Essentially, the systems work like this. First, bar codes or RFIDs tell scanners which items consumers are buying. The scanners transmit the information to computers by reading the bar codes and sending that information to the software. The software then interprets the numbers from the bar code and matches those numbers to the type of merchandise they represent. This allows the merchant to track sales and inventory -- either at the checkout counter or with a hand-held scanner -- keeping the store abreast of which items are selling.
Specialized software keeps track of how much stock is going out the door via purchases and how much remains on shelves and in the warehouse, giving managers a real-time picture of what's happening. The software also analyzes the data and makes recommendations for re-ordering strategies. Sometimes, they're programmed to automatically order at a certain point. It's important to note, however, that good systems leave room for human decision-making. The systems provide good information to support decisions but leave the final call up to managers.
Once managers make a re-order decision, the system uses electronic data interchange to communicate its needs for additional merchandise to a vendor. Electronic data interchange is the process of sending and receiving data between two parties -- a retailer and a vendor, for example -- using data transmission lines, such as the Internet. The data is stored in a computer's memory bank and read by managers at both ends of the line.
While inventory management systems offer retailers and vendors many advantages, there are some pitfalls. Because the system aims to keep a bare minimum of stock in store, retailers can be caught short if an item unexpectedly becomes a big seller. Retailers traditionally kept additional stock on hand -- known as buffer or safety stock -- to prevent that occurrence, but many have discontinued the practice. And, as with all technology, these types of systems are subject to the effects of a widespread computer crash or software failure.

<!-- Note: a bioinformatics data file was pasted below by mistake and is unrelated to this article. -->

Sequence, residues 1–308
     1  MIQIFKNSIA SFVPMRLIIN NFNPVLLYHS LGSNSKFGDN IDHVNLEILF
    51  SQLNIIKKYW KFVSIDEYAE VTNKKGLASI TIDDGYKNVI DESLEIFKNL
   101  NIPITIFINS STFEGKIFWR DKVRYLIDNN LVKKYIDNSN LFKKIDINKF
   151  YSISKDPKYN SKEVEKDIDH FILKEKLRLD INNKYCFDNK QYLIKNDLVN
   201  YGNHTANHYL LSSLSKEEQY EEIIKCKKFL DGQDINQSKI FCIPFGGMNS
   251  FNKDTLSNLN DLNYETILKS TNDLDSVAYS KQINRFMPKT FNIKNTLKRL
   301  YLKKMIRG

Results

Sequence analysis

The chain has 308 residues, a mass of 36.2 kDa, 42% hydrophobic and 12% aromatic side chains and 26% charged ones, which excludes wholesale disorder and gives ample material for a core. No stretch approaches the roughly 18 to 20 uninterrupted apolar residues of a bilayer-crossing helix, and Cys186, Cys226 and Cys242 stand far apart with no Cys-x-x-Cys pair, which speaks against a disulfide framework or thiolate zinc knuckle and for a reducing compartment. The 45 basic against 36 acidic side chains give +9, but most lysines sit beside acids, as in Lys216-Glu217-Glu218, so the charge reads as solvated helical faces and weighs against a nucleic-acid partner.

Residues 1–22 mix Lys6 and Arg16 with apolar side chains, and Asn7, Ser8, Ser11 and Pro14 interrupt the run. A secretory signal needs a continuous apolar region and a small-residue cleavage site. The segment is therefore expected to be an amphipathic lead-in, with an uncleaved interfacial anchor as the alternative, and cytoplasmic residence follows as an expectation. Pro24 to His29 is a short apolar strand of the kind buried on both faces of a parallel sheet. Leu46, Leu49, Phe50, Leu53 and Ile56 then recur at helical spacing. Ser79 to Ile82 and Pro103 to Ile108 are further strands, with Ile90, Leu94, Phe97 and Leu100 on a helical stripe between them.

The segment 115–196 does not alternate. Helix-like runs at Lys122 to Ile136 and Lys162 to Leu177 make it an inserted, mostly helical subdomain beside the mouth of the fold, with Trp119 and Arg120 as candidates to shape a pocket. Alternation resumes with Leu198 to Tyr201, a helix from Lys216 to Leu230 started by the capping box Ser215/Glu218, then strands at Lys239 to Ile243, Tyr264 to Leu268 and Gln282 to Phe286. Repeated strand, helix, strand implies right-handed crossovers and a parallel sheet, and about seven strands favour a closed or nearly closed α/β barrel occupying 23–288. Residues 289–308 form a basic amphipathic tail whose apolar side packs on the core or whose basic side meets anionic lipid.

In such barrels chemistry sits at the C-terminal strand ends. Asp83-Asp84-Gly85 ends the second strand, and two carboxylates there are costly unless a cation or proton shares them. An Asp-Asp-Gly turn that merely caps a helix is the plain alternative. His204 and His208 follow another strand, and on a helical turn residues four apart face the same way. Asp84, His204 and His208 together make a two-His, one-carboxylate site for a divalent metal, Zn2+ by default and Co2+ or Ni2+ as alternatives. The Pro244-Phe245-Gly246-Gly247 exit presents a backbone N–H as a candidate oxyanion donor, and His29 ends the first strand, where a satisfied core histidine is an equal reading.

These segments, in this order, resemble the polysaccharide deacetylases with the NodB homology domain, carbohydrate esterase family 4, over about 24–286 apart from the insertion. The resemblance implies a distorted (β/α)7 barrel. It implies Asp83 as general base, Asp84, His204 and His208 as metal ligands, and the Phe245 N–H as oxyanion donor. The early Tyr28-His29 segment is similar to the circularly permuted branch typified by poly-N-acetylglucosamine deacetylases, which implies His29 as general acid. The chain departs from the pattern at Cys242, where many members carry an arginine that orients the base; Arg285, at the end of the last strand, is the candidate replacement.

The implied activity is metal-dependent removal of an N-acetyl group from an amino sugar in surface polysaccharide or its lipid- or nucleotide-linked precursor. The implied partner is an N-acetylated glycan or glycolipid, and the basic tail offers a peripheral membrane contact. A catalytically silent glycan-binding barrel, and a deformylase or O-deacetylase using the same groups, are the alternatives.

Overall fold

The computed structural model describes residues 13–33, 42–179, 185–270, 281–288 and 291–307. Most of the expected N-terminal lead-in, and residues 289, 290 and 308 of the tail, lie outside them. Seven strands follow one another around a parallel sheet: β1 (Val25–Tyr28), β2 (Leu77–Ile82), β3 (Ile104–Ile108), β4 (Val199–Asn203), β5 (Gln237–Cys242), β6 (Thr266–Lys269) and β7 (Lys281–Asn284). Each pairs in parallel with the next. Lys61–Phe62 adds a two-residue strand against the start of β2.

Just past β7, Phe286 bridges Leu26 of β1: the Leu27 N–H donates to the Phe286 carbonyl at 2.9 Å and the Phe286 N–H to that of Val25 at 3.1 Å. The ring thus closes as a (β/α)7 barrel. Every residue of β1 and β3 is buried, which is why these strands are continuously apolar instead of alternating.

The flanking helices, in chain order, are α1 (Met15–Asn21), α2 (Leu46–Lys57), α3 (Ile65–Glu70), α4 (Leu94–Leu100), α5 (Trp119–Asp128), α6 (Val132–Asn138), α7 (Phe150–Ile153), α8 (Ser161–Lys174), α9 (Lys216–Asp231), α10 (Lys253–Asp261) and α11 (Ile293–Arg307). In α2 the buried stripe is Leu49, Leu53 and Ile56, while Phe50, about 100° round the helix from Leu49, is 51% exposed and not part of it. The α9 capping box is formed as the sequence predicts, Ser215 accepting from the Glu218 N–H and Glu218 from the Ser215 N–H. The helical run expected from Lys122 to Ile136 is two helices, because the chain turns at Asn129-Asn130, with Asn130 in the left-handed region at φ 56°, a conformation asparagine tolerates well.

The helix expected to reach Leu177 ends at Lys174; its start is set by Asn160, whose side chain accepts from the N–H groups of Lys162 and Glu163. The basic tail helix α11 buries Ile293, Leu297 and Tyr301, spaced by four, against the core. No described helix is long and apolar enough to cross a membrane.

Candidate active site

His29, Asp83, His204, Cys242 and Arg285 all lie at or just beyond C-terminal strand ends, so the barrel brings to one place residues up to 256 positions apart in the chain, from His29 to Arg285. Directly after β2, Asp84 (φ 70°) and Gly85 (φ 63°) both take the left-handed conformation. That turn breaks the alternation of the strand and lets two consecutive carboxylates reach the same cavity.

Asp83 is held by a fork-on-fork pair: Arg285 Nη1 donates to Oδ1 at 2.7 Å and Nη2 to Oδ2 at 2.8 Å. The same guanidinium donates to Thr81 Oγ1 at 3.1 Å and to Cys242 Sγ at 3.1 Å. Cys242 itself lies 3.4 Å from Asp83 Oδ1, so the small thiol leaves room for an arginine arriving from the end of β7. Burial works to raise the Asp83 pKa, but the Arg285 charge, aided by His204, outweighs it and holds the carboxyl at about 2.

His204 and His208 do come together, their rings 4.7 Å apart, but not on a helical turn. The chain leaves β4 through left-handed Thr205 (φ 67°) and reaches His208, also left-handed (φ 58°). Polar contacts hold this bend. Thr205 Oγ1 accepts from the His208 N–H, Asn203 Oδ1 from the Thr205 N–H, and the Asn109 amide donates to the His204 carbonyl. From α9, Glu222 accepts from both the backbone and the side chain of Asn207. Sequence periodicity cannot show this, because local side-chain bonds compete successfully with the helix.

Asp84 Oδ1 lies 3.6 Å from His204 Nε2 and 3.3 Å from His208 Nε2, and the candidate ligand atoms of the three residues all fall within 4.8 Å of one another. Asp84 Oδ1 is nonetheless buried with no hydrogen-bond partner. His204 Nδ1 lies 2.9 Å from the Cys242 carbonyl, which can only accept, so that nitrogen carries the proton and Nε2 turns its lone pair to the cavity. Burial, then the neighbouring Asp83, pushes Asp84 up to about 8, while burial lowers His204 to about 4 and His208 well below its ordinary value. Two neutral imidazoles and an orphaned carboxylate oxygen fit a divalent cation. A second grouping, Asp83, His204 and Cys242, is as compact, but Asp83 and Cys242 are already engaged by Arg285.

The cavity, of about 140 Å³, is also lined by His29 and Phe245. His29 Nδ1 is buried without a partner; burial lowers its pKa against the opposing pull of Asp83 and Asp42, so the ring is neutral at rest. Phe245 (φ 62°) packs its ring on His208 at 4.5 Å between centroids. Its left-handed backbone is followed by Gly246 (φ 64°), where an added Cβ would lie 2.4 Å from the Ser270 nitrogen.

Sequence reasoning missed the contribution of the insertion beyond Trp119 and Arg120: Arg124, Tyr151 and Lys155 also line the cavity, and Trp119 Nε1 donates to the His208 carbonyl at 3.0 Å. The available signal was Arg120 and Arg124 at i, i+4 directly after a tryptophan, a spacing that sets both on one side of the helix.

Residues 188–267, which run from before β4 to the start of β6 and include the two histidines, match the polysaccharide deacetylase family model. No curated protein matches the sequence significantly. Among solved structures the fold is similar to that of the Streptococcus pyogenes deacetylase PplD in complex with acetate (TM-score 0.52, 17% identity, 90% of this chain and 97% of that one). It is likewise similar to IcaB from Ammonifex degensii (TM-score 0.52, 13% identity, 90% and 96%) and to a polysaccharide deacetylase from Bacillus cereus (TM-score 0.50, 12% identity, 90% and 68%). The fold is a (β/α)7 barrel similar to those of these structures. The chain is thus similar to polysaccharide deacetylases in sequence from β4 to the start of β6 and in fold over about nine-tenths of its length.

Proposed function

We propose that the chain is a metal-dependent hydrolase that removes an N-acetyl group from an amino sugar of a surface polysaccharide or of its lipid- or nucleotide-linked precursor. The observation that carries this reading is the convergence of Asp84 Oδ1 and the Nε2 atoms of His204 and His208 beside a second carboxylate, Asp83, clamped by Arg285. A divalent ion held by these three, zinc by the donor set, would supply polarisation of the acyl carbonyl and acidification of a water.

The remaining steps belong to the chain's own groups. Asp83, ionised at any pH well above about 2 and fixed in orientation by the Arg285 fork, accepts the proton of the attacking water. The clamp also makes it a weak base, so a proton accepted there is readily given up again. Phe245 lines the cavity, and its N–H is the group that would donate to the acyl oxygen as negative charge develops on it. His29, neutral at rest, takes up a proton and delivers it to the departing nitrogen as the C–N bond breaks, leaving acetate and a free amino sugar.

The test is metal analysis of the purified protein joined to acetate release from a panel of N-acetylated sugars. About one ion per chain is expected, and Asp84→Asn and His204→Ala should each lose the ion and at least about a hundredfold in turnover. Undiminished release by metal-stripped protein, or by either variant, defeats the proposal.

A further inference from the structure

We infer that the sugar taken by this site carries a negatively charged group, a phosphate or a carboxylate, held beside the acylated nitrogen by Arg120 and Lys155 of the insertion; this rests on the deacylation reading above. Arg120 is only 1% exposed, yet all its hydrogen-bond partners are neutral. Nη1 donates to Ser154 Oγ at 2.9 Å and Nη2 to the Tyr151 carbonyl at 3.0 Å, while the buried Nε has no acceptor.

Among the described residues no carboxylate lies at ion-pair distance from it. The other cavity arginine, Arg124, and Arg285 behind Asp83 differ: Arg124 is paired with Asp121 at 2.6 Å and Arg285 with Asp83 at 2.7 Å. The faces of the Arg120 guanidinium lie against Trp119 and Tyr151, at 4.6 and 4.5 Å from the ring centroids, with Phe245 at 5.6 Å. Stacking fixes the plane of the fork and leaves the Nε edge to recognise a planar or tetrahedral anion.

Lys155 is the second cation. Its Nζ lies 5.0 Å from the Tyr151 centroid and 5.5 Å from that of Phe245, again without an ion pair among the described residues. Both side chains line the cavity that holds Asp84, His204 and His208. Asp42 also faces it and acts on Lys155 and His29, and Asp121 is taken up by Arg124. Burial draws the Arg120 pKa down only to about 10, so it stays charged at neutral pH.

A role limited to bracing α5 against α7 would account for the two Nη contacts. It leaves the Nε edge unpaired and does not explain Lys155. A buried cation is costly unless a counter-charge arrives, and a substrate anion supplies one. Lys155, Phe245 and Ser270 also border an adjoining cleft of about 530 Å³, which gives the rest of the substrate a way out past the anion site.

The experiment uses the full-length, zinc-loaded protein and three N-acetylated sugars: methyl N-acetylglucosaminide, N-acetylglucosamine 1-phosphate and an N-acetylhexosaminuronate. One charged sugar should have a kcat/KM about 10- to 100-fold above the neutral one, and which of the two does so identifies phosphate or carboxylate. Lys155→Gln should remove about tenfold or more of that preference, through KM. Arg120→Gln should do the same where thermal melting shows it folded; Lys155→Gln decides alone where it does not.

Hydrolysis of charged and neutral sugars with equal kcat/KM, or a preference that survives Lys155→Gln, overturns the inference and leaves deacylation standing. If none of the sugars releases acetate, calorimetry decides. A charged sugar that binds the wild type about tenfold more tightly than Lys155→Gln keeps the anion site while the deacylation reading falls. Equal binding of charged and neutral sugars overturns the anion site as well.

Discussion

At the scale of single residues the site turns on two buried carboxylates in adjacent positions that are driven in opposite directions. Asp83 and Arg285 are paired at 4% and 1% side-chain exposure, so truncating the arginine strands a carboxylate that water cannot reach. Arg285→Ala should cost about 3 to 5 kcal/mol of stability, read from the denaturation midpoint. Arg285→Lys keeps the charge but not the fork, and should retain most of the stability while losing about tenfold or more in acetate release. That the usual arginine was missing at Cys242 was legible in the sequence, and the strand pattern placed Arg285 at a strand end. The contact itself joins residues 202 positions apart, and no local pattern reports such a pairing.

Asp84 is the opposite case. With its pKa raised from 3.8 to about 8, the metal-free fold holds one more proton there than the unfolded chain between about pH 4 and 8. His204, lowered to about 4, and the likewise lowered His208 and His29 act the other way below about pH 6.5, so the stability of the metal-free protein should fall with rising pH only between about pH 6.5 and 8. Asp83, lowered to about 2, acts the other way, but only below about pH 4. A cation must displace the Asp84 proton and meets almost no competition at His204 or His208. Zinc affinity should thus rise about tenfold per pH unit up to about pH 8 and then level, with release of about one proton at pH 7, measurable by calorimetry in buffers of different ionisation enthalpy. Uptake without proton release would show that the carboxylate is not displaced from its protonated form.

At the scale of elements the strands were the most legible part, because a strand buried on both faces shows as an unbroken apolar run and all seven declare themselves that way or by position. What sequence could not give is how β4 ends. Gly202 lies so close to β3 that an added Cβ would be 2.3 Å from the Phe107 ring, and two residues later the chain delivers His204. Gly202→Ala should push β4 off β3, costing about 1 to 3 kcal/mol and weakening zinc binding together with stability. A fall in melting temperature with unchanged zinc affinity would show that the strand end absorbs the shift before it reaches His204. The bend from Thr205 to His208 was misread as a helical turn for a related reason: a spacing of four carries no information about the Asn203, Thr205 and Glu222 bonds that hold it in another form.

Some consumer groups have objected to RFID technology, too, claiming it invades their privacy by providing additional information about their buying habits and personal data. They argue the information could be used to push other products on individual consumers, or be sold to other businesses for similar purchases.
The RFID signals can also "step on" or "collide" with each other, making accurate readings difficult.
Most retailers, however, have bought into the vast advantages offered by such systems. They include the high efficiency, the need for less warehouse space, less cash tied up in inventories and better sales. The systems also promote better information sharing between the retailer and the vendor, which helps drive down cost for both, as well as for the consumer.
The benefits of modern inventory management systems aren't just for the retail and manufacturing sectors. They also offer great advantages for any organization that manages a supply chain for consumable items, such as the military and medical facilities.
And it may not be long before such systems penetrate the household. In 2001, the U.S. Patent and Trademark Office issued a patent for a household "consumable item automated replenishment system including an intelligent refrigerator," according to Patent Storm. The refrigerator uses an array of sensors to tell its owner when a consumable item -- such as milk -- is running low.
Everywhere you look inventory management systems are making sure the products are there when we need them.
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